When it comes to male fertility, it turns out that size does matter. But not the measurement that most men worry about. Size really matters when it comes to fertility, since a new study suggests that even infertile men are less gifted.
Having a shorter appendage was more common in men who were struggling to conceive than in those with other genital health problems. The research, which will be presented this week at the American Society for Reproductive Medicine conference in Colorado, is the first ever to link the length of the penis to fertility.
He found that on average men who were infertile were about a centimeter lower than their fertile counterparts. Those without reproductive problems had an average length of 13.4 cm while those of the infertile group were 12.5 cm.
He said underlying conditions that caused infertility, such as hormonal issues or problems in the testes, may also lead to a shorter penile length.
“This is the first study to identify an association between shorter penile length and male infertility,” he said.
The dimension in question is a measurement known as anogenital distance, or AGD. The shorter the AGD, the more likely a man was to have a low sperm count, a U.S. study has shown.
Men whose AGD is shorter than the median length – around two inches – have seven times the chance of being sub-fertile as those with a longer AGD, according to the study published on Friday in the journal Environmental Health Perspectives.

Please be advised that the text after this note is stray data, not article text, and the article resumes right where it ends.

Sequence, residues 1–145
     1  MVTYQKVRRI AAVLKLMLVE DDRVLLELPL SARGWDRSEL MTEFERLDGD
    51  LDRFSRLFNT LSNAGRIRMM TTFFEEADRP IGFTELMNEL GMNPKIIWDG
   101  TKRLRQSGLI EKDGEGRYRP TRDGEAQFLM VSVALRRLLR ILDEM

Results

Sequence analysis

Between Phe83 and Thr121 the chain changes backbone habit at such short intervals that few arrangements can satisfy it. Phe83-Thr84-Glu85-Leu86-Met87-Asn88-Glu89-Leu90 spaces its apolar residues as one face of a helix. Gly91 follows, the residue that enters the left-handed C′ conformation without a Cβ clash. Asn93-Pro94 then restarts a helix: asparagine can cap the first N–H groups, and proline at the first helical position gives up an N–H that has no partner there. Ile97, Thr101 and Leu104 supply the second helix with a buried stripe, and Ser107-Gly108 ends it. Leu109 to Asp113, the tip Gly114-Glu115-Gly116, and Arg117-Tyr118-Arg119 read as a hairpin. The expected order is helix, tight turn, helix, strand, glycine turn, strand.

That distance, measured from the anus to the underside of the scrotum, is linked to male fertility, including semen volume and sperm count, the study found.
'Sub-fertile' means that a man has a sperm count of less than 20 million per millilitre. Past research has shown that men in this category have about half the chance of conceiving as do men with normal sperm counts.
According to study author Shanna Swan of the University of Rochester Medical Center in New York, the new finding offers the prospect of a relatively simple fertility screening test for men.
"It's non-invasive and anybody can do it, and it's not sensitive to the kinds of things that sperm count is sensitive to, like stress or whether you have a cold or whether it's hot out,' Swan said in a telephone interview with Reuters. If somebody's got a short AGD, particularly if they have problems conceiving, I would say get to the infertility doctor, because the chances are good that something is wrong."
But Dr Natan Bar-Chama, who heads the male reproductive medicine at Mount Sinai Hospital in New York, stressed that the study was the first of its kind in humans.
"Assessment of AGD as a routine evaluation of one's fertility is premature," Bar-Chama, who wasn't involved in the study, told Reuters Heath.
To reach their conclusions, researchers measured the AGDs of 126 men born in or after 1988, a small but statistically significant sample, Swan said. The study did not address what might cause certain men to have short AGD measurements.
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